Boundary management. Are personality types and job satisfaction levels predictors to smartphone usage behaviours?
Byrne, Peter J.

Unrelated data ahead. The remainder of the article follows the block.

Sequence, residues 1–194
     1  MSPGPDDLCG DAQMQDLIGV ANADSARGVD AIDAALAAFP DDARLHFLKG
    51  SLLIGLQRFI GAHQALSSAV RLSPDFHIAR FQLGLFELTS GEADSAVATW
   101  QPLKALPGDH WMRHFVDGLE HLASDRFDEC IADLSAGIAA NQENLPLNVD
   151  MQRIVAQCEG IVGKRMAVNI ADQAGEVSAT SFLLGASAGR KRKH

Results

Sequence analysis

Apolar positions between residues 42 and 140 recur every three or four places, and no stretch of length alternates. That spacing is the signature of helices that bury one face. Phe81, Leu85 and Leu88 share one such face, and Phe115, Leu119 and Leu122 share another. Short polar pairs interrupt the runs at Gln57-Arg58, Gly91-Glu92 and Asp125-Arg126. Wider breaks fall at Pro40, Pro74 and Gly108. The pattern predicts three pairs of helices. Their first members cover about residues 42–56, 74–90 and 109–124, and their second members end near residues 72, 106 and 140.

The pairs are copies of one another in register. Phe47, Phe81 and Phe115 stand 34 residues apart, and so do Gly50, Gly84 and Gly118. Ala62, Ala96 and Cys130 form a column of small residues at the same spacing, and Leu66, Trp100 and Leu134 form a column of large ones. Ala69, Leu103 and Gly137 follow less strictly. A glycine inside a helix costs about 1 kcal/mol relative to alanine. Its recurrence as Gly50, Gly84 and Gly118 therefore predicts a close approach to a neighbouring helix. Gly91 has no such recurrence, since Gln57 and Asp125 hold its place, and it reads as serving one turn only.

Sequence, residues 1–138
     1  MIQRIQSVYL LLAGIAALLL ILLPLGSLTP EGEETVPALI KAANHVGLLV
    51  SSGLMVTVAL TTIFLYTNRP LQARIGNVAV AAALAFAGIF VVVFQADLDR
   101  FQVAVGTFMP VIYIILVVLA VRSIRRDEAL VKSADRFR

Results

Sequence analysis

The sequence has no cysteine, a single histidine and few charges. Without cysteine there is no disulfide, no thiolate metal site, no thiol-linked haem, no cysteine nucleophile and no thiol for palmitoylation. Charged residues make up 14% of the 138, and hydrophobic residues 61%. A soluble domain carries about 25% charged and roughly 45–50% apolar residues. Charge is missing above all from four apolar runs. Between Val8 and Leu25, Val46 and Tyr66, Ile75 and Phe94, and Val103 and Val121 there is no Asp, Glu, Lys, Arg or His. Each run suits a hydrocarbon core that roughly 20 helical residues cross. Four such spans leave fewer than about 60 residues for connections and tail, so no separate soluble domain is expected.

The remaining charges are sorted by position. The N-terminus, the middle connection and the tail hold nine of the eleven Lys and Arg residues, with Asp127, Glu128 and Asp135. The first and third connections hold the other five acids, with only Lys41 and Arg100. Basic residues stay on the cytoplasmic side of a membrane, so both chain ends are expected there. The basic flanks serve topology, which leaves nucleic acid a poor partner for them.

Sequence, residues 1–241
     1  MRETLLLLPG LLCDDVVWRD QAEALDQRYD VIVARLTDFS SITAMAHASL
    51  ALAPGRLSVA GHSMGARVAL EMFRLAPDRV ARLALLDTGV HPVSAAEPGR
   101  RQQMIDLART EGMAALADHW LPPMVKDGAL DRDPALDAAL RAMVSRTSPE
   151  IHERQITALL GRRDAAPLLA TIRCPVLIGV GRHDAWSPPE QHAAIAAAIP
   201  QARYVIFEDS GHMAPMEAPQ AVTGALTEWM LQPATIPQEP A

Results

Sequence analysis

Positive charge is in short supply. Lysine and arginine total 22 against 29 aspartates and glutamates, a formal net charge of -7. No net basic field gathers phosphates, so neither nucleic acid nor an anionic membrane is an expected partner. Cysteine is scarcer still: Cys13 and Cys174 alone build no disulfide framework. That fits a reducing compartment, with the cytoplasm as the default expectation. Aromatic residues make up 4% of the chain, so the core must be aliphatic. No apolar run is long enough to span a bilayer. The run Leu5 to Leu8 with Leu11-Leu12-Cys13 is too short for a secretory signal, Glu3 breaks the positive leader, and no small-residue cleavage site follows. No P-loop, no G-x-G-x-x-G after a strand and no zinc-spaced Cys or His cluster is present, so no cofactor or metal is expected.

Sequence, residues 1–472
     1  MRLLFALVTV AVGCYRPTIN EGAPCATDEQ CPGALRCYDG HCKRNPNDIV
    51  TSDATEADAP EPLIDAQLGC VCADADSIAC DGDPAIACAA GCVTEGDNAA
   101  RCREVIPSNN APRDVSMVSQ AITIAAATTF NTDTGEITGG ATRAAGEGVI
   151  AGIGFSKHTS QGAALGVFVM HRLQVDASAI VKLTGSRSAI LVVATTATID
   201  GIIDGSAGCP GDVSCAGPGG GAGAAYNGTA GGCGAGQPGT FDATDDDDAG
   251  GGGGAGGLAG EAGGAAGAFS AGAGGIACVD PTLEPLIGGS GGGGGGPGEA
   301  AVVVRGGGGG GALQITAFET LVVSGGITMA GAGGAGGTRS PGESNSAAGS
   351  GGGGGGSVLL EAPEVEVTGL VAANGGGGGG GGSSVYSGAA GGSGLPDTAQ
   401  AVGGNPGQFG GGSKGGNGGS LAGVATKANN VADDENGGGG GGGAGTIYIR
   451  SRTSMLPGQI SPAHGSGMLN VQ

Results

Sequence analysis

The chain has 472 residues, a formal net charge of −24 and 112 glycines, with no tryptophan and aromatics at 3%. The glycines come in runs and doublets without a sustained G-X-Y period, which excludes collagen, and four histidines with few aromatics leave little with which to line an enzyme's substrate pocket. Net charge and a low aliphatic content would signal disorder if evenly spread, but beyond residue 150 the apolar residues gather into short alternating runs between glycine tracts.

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Smartphones have become integrated into many parts of our daily lives. These devices have improved areas of our work life through enhanced collaboration, removing the need for a physical office locations, and improving productivity levels. Smartphones have also improved our home lives, providing users the ability to record and share important family moments instantly, providing access to volumes of online data, improving health awareness through health monitoring apps, and face-to-face video chat. However, the once clearly defined boundaries between both, the work and home domains, have become blurred. The purpose of this paper is to investigate whether personality types, job satisfaction levels, and demographic variables, are predictors to an individual’s smartphone usage behaviour, focusing primarily on boundary management levels. The findings suggest that certain combinations of job satisfaction levels, relationship status, dependents, and personality types, could indicate an individual’s smartphone usage behaviour. These findings emphasise that boundary management levels, for both the individual and the company they work for, may require scrutiny, in order to improve an individual’s work-life balance.
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